Eating Poetry (XIX) – Year of Meteors

by A. Jay Adler on July 24, 2010
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Walt Whitman

The Meteor of 1860 by Frederic Church

From Astronomy Picture of the Day

Explanation: Frederic Church (1826-1900), American landscape painter of the Hudson River School, painted what he saw in nature. And on July 20th, 1860, he saw a spectacular string of fireball meteors cross the Catskill evening sky, an extremely rare Earth-grazing meteor procession. From New York City, poet Walt Whitman (1819-1892) also wrote of the “… strange huge meteor procession, dazzling and clear, shooting over our heads” in his poem Year of Meteors (1859-60). But the inspiration for Whitman’s words was forgotten. His astronomical reference became a mystery, the subject of scholarly debate until Texas State University physicists Donald Olson and Russell Doescher, English professor Marilynn Olson, and Honors Program student Ava Pope, located reports documenting the date and timing of the spectacular meteor procession. The breakthrough was spotting the connection with Church’s relatively little-known painting. Fittingly, the forensic astronomy team’s work was just published, on the 150th anniversary of the cosmic event that inspired both poet and painter.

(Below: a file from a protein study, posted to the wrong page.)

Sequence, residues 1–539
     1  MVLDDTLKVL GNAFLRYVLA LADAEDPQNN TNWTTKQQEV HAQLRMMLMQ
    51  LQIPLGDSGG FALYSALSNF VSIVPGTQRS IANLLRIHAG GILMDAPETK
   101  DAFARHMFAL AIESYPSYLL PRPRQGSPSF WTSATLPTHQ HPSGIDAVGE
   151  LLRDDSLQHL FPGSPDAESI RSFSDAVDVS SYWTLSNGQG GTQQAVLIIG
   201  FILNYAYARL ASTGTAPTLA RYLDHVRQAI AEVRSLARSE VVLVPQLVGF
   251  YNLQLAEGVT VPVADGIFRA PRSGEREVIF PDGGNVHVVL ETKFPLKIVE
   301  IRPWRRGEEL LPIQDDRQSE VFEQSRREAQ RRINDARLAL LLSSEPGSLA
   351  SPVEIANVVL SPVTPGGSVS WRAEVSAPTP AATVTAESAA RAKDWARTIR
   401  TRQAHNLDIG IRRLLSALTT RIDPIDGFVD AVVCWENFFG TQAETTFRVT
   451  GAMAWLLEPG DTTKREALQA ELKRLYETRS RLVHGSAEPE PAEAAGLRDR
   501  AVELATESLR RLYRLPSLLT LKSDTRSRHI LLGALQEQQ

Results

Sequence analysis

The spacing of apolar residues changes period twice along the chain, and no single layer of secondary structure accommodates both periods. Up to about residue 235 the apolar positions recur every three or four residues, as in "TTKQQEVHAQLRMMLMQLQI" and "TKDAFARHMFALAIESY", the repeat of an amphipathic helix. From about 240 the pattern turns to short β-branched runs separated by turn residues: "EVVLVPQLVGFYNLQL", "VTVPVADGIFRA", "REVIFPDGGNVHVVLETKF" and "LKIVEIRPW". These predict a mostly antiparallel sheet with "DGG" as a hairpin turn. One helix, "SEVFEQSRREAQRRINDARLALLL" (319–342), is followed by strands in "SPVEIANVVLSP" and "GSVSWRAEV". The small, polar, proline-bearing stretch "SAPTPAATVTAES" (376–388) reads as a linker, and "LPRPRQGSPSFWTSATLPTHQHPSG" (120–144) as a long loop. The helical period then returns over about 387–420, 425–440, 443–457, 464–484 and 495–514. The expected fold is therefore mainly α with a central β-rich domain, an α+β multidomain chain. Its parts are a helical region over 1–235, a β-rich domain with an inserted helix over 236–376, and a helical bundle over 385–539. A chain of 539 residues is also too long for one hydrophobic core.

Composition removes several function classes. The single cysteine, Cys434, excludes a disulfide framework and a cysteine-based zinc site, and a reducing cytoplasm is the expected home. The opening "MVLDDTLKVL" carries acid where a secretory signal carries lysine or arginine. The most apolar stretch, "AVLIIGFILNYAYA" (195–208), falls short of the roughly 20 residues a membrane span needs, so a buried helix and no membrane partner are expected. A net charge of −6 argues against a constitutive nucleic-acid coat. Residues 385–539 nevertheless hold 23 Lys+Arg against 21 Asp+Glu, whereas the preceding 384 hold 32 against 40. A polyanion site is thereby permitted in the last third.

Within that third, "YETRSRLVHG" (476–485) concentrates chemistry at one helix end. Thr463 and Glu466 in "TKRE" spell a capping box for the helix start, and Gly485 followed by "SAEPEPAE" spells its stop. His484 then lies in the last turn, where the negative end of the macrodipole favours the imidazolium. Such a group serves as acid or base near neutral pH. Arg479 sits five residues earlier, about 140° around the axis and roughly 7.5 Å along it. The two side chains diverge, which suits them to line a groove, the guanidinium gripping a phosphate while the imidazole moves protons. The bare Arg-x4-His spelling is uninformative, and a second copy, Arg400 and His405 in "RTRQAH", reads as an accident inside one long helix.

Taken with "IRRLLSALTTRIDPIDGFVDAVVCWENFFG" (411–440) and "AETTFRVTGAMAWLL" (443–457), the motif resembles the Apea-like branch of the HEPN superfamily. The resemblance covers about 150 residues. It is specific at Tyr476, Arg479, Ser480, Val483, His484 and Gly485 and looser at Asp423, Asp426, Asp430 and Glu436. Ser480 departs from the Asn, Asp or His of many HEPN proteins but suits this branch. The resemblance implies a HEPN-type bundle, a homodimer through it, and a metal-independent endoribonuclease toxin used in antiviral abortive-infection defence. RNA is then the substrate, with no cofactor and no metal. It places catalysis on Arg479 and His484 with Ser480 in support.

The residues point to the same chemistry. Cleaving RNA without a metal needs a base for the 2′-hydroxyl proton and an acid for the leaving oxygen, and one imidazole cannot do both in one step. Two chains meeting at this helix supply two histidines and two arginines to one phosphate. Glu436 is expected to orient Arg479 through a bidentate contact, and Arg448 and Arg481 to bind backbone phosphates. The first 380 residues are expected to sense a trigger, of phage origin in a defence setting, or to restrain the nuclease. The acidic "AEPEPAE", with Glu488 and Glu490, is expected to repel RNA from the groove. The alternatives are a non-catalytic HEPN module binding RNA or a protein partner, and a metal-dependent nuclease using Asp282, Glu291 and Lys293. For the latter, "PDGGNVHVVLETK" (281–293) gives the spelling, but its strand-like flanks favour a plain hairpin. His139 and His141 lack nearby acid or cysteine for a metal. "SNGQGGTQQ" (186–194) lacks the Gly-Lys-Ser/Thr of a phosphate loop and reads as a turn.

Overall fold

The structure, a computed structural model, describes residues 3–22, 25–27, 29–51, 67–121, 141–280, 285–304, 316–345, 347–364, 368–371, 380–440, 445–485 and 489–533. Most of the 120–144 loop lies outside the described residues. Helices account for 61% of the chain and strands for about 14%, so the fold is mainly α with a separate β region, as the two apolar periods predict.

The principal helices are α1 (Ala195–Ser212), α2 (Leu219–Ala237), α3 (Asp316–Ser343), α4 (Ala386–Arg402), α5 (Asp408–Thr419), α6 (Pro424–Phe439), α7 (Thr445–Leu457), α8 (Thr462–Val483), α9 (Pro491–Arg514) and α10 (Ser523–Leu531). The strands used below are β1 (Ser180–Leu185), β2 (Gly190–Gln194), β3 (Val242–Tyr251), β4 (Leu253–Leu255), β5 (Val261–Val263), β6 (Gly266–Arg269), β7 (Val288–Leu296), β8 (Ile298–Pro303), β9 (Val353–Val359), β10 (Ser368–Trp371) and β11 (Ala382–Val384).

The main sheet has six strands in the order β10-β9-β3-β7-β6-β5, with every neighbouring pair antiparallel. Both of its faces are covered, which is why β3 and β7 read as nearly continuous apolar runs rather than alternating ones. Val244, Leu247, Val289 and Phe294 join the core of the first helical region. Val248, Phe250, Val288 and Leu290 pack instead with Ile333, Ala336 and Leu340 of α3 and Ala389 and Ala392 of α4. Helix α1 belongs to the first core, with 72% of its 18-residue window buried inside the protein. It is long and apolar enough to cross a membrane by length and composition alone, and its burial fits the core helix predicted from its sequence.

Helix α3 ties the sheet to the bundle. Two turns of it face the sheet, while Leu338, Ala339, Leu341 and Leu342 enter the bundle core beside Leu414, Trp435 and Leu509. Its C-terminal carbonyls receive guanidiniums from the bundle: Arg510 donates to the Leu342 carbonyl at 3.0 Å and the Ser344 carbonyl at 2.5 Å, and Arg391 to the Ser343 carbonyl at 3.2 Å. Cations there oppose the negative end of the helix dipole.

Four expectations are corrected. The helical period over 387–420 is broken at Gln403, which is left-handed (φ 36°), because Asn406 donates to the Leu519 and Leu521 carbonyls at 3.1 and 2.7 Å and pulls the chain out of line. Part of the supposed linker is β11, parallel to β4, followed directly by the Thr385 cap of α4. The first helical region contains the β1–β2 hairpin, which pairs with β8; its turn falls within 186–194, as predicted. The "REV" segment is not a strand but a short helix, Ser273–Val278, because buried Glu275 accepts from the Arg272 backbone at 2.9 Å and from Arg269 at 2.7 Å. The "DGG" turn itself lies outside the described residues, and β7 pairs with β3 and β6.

(H/T Writing Without Paper)

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3 comments

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Maureen July 24, 2010 at 8:06 am

Fascinating.

Some think Munch’s “The Scream” is his response to the volcano eruption of the time. Just yesterday, I came across an exhibition of artworks related to volcanic eruptions. Even Warhol gave us a painting about one.

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A. Jay Adler July 24, 2010 at 8:50 am

Maureen, and the 1755 Lisbon earthquake had decades-long echoes in art, most famously in Candide, and in much painting that you doubtless know far better than I.

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Meherzaidi July 24, 2010 at 3:59 am

I liked the way you linked up the meteor artists. I love them both. Very beautiful post.

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